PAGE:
Flushing The Toilet Without The Lid On May Spread Coronavirus Particles

Scientists say "toilet plume" might fling the virus in the air, so take precautions in the bathroom during the COVID-19 pandemic.

A crappy new discovery suggests that people may want to be extra cautious about the coronavirus when flushing the toilet.

In a new research paper published in Physics of Fluids, scientists say the virus ― also referred to as SARS-CoV-2 ― may be able to spread through “toilet plumes” (which definitely seem as gross as they sound).

Simulations conducted by the researchers showed that the flush and “turbulence” in the bowl can propel droplets that can rise more than 3 feet. Those droplets can become aerosolized in the air and linger for a short period of time or land on other surfaces in the bathroom.

Evidence shows SARS-CoV-2 can be found in the feces of some patients. Previous research also showed that the virus can be found in stools for up to a few weeks after a person recovers from COVID-19. But it’s not yet known if “whether the virus found in feces may be capable of causing COVID-19,” according to the Centers for Disease Control and Prevention.

That said, the researchers note in the paper that it’s worth taking some extra precautions in the bathroom during the pandemic ― especially if it’s one that you share with others.

“Fecal-oral transmission is a common transmission route for many viruses, including SARS-CoV-2,” the researchers wrote. “Blocking the path of fecal-oral transmission, which occurs commonly in toilet usage, is of fundamental importance in suppressing the spread of viruses.”

One of the easiest ways to do that? Close the lid. According to the paper’s authors, you should put “the toilet lid down before flushing, which can basically prevent virus transmission.”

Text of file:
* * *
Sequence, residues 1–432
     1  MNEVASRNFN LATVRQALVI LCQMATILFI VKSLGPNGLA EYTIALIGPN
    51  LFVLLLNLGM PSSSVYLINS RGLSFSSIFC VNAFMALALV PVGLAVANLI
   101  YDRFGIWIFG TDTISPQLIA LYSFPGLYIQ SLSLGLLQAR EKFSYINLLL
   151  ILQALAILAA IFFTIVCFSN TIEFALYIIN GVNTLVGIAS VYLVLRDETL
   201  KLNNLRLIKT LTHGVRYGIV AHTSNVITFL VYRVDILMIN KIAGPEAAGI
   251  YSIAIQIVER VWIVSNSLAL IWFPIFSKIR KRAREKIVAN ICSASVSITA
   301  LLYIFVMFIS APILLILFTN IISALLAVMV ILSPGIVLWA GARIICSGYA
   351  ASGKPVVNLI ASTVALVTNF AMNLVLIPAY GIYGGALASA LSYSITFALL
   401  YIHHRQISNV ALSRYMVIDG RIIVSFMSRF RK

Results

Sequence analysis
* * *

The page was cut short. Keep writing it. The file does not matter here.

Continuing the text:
Closing the toilet lid can contain fecal particles that may have the coronavirus.
DenBoma via Getty Images
Closing the toilet lid can contain fecal particles that may have the coronavirus.

But closing the lid is not the only health measure you should take. The paper’s authors also recommended wiping down the toilet seat, “since floating virus particles could have settled on its surface.” (But some experts think that area less of a concern.)

Also, this should go without saying, but you should wash your hands with soap and water after you finish your business. Scrub for at least 20 seconds and address each area of your hands and fingers.

If you don’t have access to soap and water, hand sanitizer is fine to use as a backup (some also recommend using it after leaving the bathroom, even if you’ve washed your hands). Rub it all over your hands and make sure to let it dry completely before touching anything.

While all of this sounds rather terrifying, there’s no need to panic. First and foremost, these findings were based off a simulation, which means there wasn’t any real-world evidence that the coronavirus was spreading through toilet flushing (at least in this specific case).

The CDC also notes that there haven’t been any confirmed reports of SARS-CoV-2 spreading from feces to person. The risk of COVID-19 transmission this way is still considered relatively low for now; you can remain vigilant but not freak out.

“The risk is not zero, but how great a risk it is, we don’t know,” Charles P. Gerba, a microbiologist at the University of Arizona, told The Washington Post. “The big unknown is how much virus is infectious in the toilet when you flush it … and how much virus does it take to cause an infection.”

Researchers are currently conducting more studies on COVID-19 and sewage to better understand how it might play a role in the virus’s spread.

Until then, just keep practicing good hygiene (with maybe an added step in the bathroom if you’re not shutting that lid already). Also continuously disinfect, wear a face mask, keep your distance ― you know the drill.

Experts are still learning about the novel coronavirus. The information in this story is what was known or available as of press time, but it’s possible guidance around COVID-19 could change as scientists discover more about the virus. Please check the Centers for Disease Control and Prevention for the most updated recommendations.

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